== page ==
Bharat Mistry is the Technical Director at Trend Micro UK and Ireland. In his role, he manages a team of 25 cybersecurity professionals, covering sales engineering through to in-life operational service delivery.
“Additionally, I work with public sector organisations and large enterprises predominantly in manufacturing, financial services, telecommunications and retail sectors advising on security maturity and transformation.”
Here, he discusses cybersecurity, building a connected world and how to ensure the future security of the manufacturing industry.
Hello Bharat, tell us, what is Trend Micro?
“Trend Micro is a global leader in cybersecurity solutions and services. We’ve been protecting consumers, SMBs, large enterprises and governments from cyber-threats for over three decades. Since our founding in 1988, a heavy focus has been on research and development—which means dedicating significant resources globally to anticipating where threats are likely to hit next, so we can better serve our customers. A good example is our pioneering work in cloud security.”
Tell us about your work in cybersecurity.
“I have over 25 years’ experience as an information security professional and have previously worked for Alcatel Telecom, Siemens Network Systems and KCOM. Before joining Trend Micro, I was a Security Technologist in the CTO Office for Hewlett-Packard Enterprise Security Services, providing strategic counsel to clients to drive secure transformation and help CISOs meet critical business objectives.”
How do you protect organisations and individuals across clouds, networks, devices and endpoints?
“Our flagship platform for enterprises is Trend Vision One, which offers all of the above plus email and operational technology (OT) security from a single platform. It’s not just about proactively protecting these assets from attack but also providing detection and response tools (XDR) which help security teams respond rapidly to threats before they have a chance to impact the organisation. This is backed by our global threat intelligence—which itself is informed by the work of our research teams around the world and the Zero Day Initiative (ZDI), which provides us with information on product vulnerabilities before most other vendors know they even exist. AI is also an increasingly important part of our capabilities, optimising threat protection, detection and response.”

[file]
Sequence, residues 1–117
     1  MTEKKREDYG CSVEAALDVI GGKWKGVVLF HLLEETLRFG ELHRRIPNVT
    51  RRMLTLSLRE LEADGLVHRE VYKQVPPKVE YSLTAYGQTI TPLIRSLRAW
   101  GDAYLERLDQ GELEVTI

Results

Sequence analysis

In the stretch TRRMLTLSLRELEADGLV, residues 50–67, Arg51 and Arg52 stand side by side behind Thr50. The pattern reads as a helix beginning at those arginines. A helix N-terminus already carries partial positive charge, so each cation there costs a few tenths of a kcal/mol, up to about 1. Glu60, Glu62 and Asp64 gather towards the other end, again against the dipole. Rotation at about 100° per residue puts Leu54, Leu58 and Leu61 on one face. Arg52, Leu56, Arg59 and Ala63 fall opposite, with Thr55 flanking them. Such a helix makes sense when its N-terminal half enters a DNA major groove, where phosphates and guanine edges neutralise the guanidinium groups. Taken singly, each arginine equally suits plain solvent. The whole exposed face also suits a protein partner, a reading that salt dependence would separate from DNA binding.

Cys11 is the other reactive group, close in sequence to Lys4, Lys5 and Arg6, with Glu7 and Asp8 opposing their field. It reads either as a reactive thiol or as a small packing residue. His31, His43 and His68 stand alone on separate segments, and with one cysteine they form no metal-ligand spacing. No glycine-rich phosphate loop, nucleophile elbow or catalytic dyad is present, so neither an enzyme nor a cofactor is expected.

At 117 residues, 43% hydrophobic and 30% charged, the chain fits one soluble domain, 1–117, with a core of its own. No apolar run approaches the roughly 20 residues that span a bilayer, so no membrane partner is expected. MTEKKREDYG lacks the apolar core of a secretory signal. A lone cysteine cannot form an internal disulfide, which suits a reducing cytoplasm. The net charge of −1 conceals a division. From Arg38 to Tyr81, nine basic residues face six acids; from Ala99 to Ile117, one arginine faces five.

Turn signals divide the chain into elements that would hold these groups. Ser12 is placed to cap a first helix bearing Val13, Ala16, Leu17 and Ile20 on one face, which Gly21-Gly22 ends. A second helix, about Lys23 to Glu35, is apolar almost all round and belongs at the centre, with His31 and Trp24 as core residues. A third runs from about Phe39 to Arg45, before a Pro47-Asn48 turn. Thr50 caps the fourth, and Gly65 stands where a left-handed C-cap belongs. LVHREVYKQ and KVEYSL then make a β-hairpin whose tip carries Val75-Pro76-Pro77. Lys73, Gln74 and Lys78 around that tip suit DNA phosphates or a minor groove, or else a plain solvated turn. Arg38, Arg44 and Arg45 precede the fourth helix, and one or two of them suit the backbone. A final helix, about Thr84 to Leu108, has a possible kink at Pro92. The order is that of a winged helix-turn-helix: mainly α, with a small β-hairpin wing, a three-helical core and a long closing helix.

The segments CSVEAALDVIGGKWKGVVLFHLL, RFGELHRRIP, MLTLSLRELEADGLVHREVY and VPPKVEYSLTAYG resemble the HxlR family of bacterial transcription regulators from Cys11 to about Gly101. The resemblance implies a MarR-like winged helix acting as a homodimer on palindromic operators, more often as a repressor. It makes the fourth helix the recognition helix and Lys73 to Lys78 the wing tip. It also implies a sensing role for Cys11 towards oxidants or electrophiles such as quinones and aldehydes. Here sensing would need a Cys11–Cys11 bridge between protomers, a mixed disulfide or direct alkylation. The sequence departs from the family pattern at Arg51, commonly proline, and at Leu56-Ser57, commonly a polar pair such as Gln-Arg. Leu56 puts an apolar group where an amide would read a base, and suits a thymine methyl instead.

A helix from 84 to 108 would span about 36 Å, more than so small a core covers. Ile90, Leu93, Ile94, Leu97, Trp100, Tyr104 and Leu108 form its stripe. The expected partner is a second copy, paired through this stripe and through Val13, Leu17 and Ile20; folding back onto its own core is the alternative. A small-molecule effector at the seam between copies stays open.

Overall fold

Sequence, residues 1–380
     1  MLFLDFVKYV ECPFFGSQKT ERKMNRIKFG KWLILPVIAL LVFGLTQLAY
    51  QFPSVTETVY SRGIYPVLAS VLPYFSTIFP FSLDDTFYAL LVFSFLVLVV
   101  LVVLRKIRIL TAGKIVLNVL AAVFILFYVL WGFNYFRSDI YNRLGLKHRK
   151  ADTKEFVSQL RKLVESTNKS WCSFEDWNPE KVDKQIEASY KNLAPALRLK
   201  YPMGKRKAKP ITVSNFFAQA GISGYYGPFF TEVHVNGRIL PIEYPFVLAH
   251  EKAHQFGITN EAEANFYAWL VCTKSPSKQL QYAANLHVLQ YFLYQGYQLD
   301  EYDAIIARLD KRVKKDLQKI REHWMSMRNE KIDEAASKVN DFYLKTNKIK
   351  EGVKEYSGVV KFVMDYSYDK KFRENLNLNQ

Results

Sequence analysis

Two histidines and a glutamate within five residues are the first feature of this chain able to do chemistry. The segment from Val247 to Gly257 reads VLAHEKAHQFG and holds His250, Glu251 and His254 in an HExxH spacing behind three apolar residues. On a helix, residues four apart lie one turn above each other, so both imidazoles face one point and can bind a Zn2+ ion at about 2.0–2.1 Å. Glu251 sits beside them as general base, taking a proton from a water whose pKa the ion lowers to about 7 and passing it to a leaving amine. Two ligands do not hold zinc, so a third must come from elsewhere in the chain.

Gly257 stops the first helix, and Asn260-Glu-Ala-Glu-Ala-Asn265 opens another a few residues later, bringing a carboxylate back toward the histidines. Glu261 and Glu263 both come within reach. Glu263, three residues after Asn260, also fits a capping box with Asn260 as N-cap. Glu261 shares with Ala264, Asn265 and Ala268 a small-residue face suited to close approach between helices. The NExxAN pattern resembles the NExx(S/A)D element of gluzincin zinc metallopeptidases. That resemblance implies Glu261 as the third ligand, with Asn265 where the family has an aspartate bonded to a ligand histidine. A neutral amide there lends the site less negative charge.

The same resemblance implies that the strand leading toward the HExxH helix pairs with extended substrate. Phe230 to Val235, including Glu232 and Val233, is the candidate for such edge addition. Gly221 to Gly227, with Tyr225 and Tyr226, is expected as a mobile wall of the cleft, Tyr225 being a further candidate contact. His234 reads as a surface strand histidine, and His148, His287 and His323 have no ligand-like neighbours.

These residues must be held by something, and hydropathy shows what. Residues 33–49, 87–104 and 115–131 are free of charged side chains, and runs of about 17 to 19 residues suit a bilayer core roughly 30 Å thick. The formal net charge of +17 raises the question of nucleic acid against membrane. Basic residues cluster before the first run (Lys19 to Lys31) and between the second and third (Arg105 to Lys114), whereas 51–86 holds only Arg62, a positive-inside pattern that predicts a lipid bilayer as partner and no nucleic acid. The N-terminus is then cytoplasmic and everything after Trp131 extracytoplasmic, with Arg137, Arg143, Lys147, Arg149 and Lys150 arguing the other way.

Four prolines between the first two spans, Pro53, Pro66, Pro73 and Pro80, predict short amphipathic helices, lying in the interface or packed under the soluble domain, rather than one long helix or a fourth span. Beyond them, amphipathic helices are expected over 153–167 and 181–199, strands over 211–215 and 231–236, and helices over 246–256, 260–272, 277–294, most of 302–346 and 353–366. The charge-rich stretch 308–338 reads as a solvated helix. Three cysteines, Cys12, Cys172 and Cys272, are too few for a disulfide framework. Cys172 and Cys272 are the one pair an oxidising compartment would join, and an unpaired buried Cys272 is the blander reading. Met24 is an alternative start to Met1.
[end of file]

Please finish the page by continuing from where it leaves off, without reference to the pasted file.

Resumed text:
How are you building a secure and connected world?
“It takes a combination of industry leading technology—across endpoints, cloud and on-premises servers, applications, email, and networks—as well as passionate and talented people. We have thousands of global employees including hundreds dedicated to threat research. Our Zero Day Initiative (ZDI) is the world’s largest and longest running vendor agnostic bug bounty programme. It incentivises researchers to find vulnerabilities in every vendor’s products to make the digital world more secure. We’ve also spun-out companies specialising in securing connected vehicles (VicOne), and security operations (Cysiv) and have a joint venture focused on industrial security (TXOne).”
What can be done to ensure the future security of the manufacturing industry?
“The good news is that 71% of global manufacturers plan to invest in security this year, according to our research. But unless boards are engaged with cyber, that money could well be wasted, or spent piecemeal rather than strategically. For security to thrive going forward it needs buy-in from the board. That means CISOs must speak the language of business risk rather than technology.
“Investment should be made across the board: to protect back-office networks, endpoints, hybrid cloud servers and inboxes, but also IoT and OT equipment on the factory floor. These capabilities must be integrated and, ideally, delivered from a single platform. This will help to minimise costs, close security coverage gaps and reduce the workload for stretched security teams.”
Tell us about the evolving role of cybersecurity in manufacturing.
“Manufacturing is increasingly dependent on digital, connected technologies. But that reliance creates new cyber risks. Manufacturing was the top industry impacted by malicious files in 2021 and came a close second in 2022, according to our research. In December 2022, a report from Make UK claimed that 42% of British manufacturers had been a victim of cybercrime over the previous 12 months, with a quarter suffering £50,000 to £250,000 in losses.
“The role for cybersecurity is therefore to protect an increasingly expansive attack surface consisting of networks, PCs and mobile devices, on-premises and cloud servers, email accounts and OT, including smart factory equipment. Ransomware and data theft remain a major threat.”
Is cybersecurity more than threat prevention?
“Yes, but unfortunately many C-suite executives don’t see it that way. Our research found that half of manufacturing boards feel the value of security is limited to threat prevention. In fact, security can be a driver of competitive advantage and innovation, especially in the smart factory race. We found that three-quarters of manufacturers are already being asked about their security posture in negotiations with prospective customers.”
What do the next 12 months hold for you?
“As always, we’ll be led by our customers and the threat landscape. The former will continue to digitalise their operations, increasing their attack surface and providing malicious actors with opportunities to steal sensitive data and hold organisations to ransom. The best way of tackling this is via a single platform to continuously mitigate risk across the entire IT and OT environment. We’ll continue to promote Trend Vision One as the most efficient, cost effective way to do so—and work with our channel partners to ensure that those who want to can benefit from these capabilities as an externally provided service.”
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